Groups of adolescents studied were similar in gender distribution, 9 boys and 4 girls in each group. There was no statistically significant difference in age, weight and height between the two groups (p > 0.05). The interval between stools was 5.8 ± 2.3 days in the constipated group; those in the nonconstipated group had daily stools (p< 0.01). The distribution of clinical features, bulky or small stools, encopresis, rectal mass, intense use of laxatives, bowel movements per week was the same in both groups. The mean daily intake of fibers in the constipated group was 11.5 ± 4.8 g, and in those without constipation 13 ± 6.1 g (p > 0.05). Table 1 shows the mean ± standard deviation and the lower and upper limits of the total and segmental colonic transit time in the constipated and nonconstipated groups. There was a statistically significant difference in right colon(p < 0.03), left colon (p < 0.001) and in total colonic transit time (p < 0.001). No statistically significant difference was found in the rectosigmoid (p = 0.8). Regarding the medians of the measurements of total and segmental colonic transit time, the values for the constipated and non constipated groups, respectively, were: right colon, 13.2 and 7.2 hours (p < 0.001); left colon, 25.2 and 7.2 hours (p < 0.001); rectosigmoid colon, 16.6 and 12 hours(p = 0.8); total 68.4 and 27.6 hours (p < 0.001). The upper limit of total transit time was 50.4 hours, with segmental times of 12 hours in the right colon, 28.8 hours in the left, and 36 hours in the rectosigmoid. Nine of the 13 constipated adolescents had slow colonic transit, 2 had distal obstruction, and 2 had normal transit times. The plain abdominal radiograph of a constipated adolescent with slow colonic transit (all markers in the right and left colon) is shown in Figure 1. The plain abdominal radiograph of a constipated adolescent with distal obstruction (the markers are retained in the rectosigmoid) is shown inFigure 2.
The interval between stools or their frequency are objective data that were used in epidemiologic surveys to define constipation (21-25). Approximately 95% of normal adults have 3 to 21 stools a week. In this study the group of constipated adolescents had an interval of 5.8 ± 2.3 days between stools, and the nonconstipated group had daily stools (p < 0.01).
No statistically significant difference was found in daily fiber intake between constipated and nonconstipated adolescents. Despite the small number of subjects studied, our results show that constipated patients took in an amount of fiber similar to normal persons (18,26,27). In patients with severe constipation, those with slow colonic transit times, increasing intake of fibers did not appear to alleviate the constipation, probably because of the reduced contractile activity of the smooth muscle of the bowel (28).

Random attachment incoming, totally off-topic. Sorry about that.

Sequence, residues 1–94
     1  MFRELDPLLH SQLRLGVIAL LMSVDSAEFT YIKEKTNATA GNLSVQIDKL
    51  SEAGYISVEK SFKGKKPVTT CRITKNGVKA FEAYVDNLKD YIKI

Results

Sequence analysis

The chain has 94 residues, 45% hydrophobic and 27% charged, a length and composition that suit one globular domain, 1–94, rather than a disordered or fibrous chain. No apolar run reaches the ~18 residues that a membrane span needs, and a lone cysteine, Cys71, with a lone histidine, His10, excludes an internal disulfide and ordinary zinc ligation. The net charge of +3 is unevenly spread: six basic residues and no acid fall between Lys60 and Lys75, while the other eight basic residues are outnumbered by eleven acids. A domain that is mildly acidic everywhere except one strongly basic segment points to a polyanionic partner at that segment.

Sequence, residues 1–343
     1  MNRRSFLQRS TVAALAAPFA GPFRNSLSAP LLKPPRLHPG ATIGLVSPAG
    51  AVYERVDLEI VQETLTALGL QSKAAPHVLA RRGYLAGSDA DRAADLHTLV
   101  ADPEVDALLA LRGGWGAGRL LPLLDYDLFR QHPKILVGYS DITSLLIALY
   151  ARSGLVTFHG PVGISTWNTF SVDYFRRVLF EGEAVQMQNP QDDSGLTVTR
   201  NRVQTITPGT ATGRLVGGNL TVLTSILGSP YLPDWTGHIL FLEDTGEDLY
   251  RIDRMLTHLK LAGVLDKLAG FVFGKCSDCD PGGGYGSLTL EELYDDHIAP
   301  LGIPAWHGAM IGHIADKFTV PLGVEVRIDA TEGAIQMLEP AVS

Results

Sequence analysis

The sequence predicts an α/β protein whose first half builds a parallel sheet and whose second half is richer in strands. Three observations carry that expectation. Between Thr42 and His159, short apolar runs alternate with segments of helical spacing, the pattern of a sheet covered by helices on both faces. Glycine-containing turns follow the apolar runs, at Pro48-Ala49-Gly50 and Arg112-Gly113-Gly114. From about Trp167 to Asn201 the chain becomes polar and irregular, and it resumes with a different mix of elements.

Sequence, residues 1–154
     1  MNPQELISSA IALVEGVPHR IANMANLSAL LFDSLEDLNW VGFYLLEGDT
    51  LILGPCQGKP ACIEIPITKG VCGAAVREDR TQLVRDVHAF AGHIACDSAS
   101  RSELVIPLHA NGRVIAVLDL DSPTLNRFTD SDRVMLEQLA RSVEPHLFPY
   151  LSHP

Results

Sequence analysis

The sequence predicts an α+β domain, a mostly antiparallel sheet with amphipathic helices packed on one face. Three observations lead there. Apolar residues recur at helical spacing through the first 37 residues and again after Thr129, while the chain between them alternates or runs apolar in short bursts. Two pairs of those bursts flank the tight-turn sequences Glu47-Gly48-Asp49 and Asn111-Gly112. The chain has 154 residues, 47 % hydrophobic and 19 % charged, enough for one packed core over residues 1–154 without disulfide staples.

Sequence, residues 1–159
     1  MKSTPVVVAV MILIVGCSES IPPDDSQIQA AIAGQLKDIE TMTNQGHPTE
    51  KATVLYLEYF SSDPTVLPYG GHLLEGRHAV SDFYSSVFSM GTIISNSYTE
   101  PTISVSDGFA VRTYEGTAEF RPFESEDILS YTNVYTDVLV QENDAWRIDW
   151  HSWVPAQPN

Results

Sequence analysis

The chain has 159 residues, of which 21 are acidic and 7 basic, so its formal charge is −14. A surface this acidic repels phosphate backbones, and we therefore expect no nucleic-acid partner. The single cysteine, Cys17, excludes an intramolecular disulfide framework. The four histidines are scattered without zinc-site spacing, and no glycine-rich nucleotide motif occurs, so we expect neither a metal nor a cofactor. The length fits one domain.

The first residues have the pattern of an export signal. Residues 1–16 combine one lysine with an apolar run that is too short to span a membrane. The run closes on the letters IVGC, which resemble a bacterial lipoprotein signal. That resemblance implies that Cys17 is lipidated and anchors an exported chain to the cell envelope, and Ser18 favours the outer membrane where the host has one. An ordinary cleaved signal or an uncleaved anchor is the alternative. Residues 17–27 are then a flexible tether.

Using radio-opaque markers to measure the total and segmental colonic transit times is a simple method and allowed us to divide patients with constipation into three subgroups (1,29-35): slow colonic transit time(Fig. 1), distal obstruction (Fig. 2), and normal colonic transit time. In this study, a simplified method was used, with a single radiograph taken on the fourth day, after 3 consecutive days of marker intake. According to Metcalf et al., this single-radiograph technique provides an optimum correlation with that of daily radiographs(1). A significant prolongation of total and segmental transit times was recorded in the constipated group compared with that in the nonconstipated group: right colon transit time (p < 0.05); left colon transit time (p < 0.01); and total colon transit time(p < 0.01). The difference between the two groups in the measure of transit time in the rectosigmoid was not significant (Table 1). Eleven (84.6%) of the 13 constipated adolescents had some change in colonic transit time. Nine (69.2%) had slow colonic transit, and 2 (15.4%) had distal obstruction. No specific data for adolescent were found in the literature concerning this distribution of results. In children with functional constipation, distal obstruction is described as the most frequently seen alteration (36,37). In adults the data are variable. Chaussade et al. (30,31), Walker et al. (38), and Kuijpers (39) recorded predominantly slow colonic transit times. Turnbull et al.(34), Kolster et al. (14), and Pemberton et al. (40) recorded predominantly distal obstruction in adults. Our data for total and segmental colonic transit times in nonconstipated adolescents are similar to those described in the literature (Table 2).
Measuring total and segmental colonic transit times with radio-opaque markers allows the identification of two types of disordered colonic motility in functional constipation, slow colonic transit and distal obstruction, and therefore allows treatment according to the location of the delay. In those patients with slow transit constipation the options are limited. Usually, their condition does not respond to large doses of laxatives. Recently, it has been shown that cisapride (41) and misoprostol(42) may be beneficial. In adults with intractable slow transit constipation, surgery has been recommended (40,43). In those patients with distal obstruction, with pelvic-floor expulsion problems, biofeedback may be a good option(9,13,39,43). The simplified technique of Metcalf et al. (1)-that of obtaining a single radiograph-proved useful. It reduces the exposure to radiation and is indicated in constipated children and adolescents who have been refractory to the usual treatments. Metcalf's technique is more practical than is colonic scintigraphy (44,45). Orocecal transit time can be measured, using the hydrogen breath test (46). In conclusion, total and segmental colonic transit times measured with radio-opaque markers provide the most useful information at the lowest cost and least inconvenience to the constipated patient. This method should help establish whether a constipated adolescent requires a different therapeutic regimen for slow transit constipation or for outlet obstruction.